AN AUSTRALIAN-FIRST exhibition in Bendigo is set to launch as the city's art gallery reopens after months closed to the public.
Piinpi will showcase the work of Indigenous fashion designers and textile producers.
Works range in style from haute couture to day wear, taking in every stage from textile to finished garments.
The Dja Dja Wurrung people - central Victoria's First Nations peoples - are represented with a possum skin cloak created by elder Rodney Carter.
Many of the garments have become the foundation for an Australian fashion collection at the Bendigo Art Gallery, acquired as part of the exhibition.
Exhibition curator and Kaantju woman Shonae Hobson said telling Indigenous history through an Indigenous lens was part of the exhibition's significance.
Ms Hobson said the end result was a testament to the profound work that First Nations designers and artists were doing, and the richness of their culture.
She said Piinpi was an exhibition long overdue in Australia.
"For me it was important to make sure that these artists' stories are told, but also to really reinforce the importance of First Nations fashion and design within the broader Australian fashion industry [and] ... Australian landscape," Ms Hobson said.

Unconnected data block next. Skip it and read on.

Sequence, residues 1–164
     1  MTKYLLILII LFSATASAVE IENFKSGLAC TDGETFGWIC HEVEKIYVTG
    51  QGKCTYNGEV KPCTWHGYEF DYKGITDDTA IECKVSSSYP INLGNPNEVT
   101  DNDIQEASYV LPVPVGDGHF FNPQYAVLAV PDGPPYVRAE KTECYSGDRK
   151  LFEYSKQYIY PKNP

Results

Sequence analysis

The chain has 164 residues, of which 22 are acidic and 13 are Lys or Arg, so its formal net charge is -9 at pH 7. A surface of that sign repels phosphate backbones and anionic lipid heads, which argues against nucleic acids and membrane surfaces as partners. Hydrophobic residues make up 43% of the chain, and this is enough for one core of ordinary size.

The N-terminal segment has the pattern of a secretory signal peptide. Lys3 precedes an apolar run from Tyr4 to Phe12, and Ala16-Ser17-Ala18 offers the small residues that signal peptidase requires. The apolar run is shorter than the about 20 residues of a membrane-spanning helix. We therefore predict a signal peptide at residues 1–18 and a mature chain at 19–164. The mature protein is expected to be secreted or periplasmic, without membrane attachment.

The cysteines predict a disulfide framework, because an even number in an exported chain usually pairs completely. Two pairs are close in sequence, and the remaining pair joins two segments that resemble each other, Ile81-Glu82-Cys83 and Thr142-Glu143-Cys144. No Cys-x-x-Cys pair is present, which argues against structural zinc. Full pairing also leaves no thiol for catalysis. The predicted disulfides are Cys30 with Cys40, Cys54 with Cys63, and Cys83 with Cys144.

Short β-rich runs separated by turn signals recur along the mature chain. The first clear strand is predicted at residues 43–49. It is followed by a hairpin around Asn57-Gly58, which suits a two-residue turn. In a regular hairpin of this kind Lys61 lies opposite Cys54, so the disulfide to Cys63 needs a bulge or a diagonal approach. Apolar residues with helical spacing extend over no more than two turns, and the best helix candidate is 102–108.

"We've got an incredible list of designers and artists who are really changing the future of fashion in Australia."
Bendigo Art Gallery Director Jessica Bridgfoot said it was a relief to see the exhibition ready to go, after spending more than a year working on it.
Ms Bridgfoot said many artists had moved mountains to get their works to the gallery from remote, often quarantined communities.
She said the gallery was proud to present the first big survey at a museum or gallery of Indigenous fashion in Australia.
It came about after Ms Bridgfoot and Ms Hobson were blown away by an exhibition of Indigenous fashion they saw at the Cairns Indigenous Art Fair.
When Ms Hobson suggested the gallery run and Indigenous fashion show, Ms Bridgfoot said she jumped at the idea.
"It's really a beautiful exhibition and we're so proud to be able to really showcase First Nations culture in this way," she said.
"This exhibition ... really celebrates a movement that's Indigenous led."
Piinpi's opening comes with double significance, marking the gallery's reopening after Victoria's second round of COVID-19 restrictions.
Ms Bridgfoot said staff were hugely excited to reopen to the public.
Free exhibition Piinpi opens at the Bendigo Art Gallery from Thursday November 12. Bookings are essential. It will run until January 17, before travelling to Canberra to be shown at the National Museum of Australia.
Find out more here.
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